Preparing for the Next Black Swan Event

Posted On March 14, 2022 By Gurvinder Singh

The COVID-19 pandemic has exposed many vulnerabilities in the global supply chain network. Variants of the coronavirus have led to several regional shutdowns that affected production and these disruptions continue to hinder recovery. We are still seeing delays at several U.S. ports and the transportation cost via ocean or air across continents has climbed significantly in the last 18 months.

As coronavirus cases slow down across the world, several countries are in the process of reducing—and in some cases eliminating—all restrictions. However, these small signs of normalcy have been quickly disrupted by further uncertainties caused by Russia’s invasion of Ukraine. We are already seeing issues with air and ocean routes, which will further strain the global logistics network.

pie chart of unlikely world events
Black swan events tend to be combinations of what would be singularly problematic events.

Black Swan Event Frequency

As seen in the last decade, black swan events—unpredictable events with potentially severe consequences—are becoming more frequent. From pandemic to conventional war, from climate disaster to financial collapse, it has become critical that companies create a plan to mitigate risk to fulfill customer needs and demand. Product manufacturers must rethink supply chain strategies in the long term to focus on value and risks and not just cost. Lean manufacturing was based on the key concept of minimal inventory that can be pulled from suppliers that are located nearby. However, companies soon realized that they could reduce costs by moving to suppliers around the globe while still maintaining minimal inventory. However, these longer lead times significantly increase supply chain risk, as we have seen during the pandemic.

Additionally, we continue to see manufacturing specialization overseas to improve efficiency and reduce cost. Ultimately, these lead to several tiers of suppliers, which further increases the complexity of the supply chain network. As we move forward, supply chain executives must stop taking a transactional view where decisions are made solely on price. They need to evaluate tradeoff between cost, risk, and responsiveness of its network.

shipping container chart
Shipping costs skyrocketed starting in 2021, leading many companies to onshore their supply chain.

Breaking the Black Swan Cycle

Let’s reverse the scenario. Instead of long lead times from overseas suppliers, a company could benefit from an agile supply chain that is capable of quickly responding to changes in market demand with a shorter lead time. Value of responsiveness from this is much harder to estimate, which drives companies to just focus on cost. Supply chain agility allows companies to deploy new capabilities and products faster enabling first-to-market advantage in some cases. It creates a culture of innovation by enabling experimentation and testing that not only shortens the learning curve but is certain to delight customers, improving the lifetime value of the customer. If all of the disruptions in the last decade have taught us anything, it’s that speed to market and responsiveness are going to be much more important for companies as we move forward.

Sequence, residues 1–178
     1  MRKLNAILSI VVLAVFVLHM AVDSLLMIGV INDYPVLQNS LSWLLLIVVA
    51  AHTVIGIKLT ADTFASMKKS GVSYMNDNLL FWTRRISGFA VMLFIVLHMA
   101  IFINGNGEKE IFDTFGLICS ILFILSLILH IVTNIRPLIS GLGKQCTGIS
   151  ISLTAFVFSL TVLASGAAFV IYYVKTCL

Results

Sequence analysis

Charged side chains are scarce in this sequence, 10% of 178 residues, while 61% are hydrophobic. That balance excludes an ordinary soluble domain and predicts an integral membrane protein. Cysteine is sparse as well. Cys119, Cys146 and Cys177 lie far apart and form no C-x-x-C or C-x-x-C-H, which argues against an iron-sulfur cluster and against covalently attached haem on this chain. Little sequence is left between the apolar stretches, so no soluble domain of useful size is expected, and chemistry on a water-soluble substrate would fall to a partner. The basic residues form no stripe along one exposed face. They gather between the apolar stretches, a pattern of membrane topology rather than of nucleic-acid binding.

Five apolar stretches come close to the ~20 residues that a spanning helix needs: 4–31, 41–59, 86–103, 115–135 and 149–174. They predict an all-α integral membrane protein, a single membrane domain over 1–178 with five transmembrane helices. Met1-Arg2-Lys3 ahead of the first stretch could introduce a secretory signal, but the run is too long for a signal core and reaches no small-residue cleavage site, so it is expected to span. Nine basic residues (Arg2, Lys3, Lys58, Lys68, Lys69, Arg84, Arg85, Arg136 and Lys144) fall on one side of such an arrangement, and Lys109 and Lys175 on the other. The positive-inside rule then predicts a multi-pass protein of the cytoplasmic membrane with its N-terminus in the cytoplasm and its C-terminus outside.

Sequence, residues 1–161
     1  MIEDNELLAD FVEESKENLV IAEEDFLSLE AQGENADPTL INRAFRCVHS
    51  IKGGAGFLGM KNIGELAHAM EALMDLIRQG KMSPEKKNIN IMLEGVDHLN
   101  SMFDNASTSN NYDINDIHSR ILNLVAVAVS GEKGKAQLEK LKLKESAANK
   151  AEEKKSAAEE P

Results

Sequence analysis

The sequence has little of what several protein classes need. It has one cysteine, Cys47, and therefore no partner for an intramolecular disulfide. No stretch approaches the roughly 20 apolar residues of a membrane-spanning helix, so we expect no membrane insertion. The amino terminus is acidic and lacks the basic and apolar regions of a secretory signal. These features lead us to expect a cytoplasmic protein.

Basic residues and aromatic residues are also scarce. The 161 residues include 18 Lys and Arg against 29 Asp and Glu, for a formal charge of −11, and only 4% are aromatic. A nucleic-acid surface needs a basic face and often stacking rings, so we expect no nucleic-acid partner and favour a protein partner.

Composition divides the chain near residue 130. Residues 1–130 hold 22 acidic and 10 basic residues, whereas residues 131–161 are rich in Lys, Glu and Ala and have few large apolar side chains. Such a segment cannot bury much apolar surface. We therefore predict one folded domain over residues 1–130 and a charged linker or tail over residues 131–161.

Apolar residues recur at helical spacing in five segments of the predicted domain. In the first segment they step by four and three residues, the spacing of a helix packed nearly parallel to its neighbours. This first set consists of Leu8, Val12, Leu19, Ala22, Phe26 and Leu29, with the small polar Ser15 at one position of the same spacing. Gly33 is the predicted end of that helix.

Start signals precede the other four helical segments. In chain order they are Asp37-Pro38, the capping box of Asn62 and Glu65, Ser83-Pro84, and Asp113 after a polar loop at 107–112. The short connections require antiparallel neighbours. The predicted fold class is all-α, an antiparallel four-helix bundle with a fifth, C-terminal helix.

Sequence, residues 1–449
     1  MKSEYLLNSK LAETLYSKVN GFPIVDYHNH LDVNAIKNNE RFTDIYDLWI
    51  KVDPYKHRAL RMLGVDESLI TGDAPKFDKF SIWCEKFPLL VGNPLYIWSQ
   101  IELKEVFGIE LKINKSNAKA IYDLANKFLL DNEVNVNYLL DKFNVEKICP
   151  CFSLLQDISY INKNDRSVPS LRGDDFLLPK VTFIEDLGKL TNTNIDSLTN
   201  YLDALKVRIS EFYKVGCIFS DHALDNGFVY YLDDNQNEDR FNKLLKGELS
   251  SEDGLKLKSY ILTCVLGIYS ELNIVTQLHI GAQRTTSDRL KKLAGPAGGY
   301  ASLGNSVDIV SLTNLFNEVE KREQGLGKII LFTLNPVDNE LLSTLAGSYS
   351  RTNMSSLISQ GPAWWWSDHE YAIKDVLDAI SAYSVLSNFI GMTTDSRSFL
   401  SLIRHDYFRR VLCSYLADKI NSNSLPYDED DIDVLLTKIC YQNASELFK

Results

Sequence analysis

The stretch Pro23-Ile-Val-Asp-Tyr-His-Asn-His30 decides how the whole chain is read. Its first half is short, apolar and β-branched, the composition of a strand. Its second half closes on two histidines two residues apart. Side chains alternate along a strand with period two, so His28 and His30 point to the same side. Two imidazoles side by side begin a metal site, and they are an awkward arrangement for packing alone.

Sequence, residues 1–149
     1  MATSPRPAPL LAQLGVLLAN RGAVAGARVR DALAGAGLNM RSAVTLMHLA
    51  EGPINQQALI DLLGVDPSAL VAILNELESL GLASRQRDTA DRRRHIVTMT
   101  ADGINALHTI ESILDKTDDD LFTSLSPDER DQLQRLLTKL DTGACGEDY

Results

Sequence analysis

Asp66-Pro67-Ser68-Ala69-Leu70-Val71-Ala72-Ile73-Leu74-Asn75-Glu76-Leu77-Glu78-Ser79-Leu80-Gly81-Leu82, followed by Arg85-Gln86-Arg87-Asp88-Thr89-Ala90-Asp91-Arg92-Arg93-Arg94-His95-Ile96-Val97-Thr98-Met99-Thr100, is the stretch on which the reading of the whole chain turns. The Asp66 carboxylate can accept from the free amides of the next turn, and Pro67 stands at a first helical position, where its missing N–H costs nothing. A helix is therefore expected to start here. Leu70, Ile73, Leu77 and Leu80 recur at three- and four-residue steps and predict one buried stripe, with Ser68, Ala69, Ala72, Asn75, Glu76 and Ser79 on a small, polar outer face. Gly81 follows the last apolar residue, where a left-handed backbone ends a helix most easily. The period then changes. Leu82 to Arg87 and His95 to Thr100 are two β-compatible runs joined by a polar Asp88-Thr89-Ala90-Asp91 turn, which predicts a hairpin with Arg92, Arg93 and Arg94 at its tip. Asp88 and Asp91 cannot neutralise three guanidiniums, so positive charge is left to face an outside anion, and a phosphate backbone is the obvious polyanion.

Customization and personalization of products is leading to proliferations of SKUs which further leads to demand volatility. Dual sourcing can significantly help mitigate risk for such scenarios, especially in the face of disruption. Product demand can be divided into base demand that is easy to forecast and variable demand. Research indicates that product manufacturers should select two suppliers. One can be overseas to serve the base demand and is focused on per-part price. Meanwhile, the variable demand is served by a local or regional supplier that can respond to the peaks and valleys of the demand volatility.

Supply Chain Fragility and Hidden Costs

As discussed above the tiers of supply chain greatly increase the complexity and fragility of the network. Companies need to map the supply chain network past the first tier and look at geographical balancing of their suppliers to reduce exposure to climate, disease, economic, or geopolitical risks. They should also evaluate opportunities to move production/suppliers closer to the point of consumption. For overseas suppliers, beyond part-price, supply chain executives need to account for all hidden outlays including inventory, storage, and potential scrap. In addition to cost, localizing the suppliers also enables companies’ commitment to sustainability as it reduces pollution and fossil fuel consumption inherent in transportation across oceans.

Today’s Landscape, Tomorrow’s Digital Manufacturing Solutions

Many traditional suppliers in the U.S. continue to lag behind due to lack of digitization and sunk cost tied to obsolete plants and equipment.  As companies evaluate the opportunity to localize production, they need to look for partners that adopt new process technologies and automation to enable shorter lead times and quick ramp for high mix-low volume to address demand volatility. Automation further reduces labor dependency, enabling the supplier to respond to any future disruptions while artificial intelligence and predictive modeling enables supplier to optimize designs and get parts right the first time.

It is not a question of if but rather when will the next black swan event hit the globalized supply chain. And it is critical that companies learn from the last couple of years and develop an agile supply chain network that delivers value, reduces risk, and is not just driven by cost.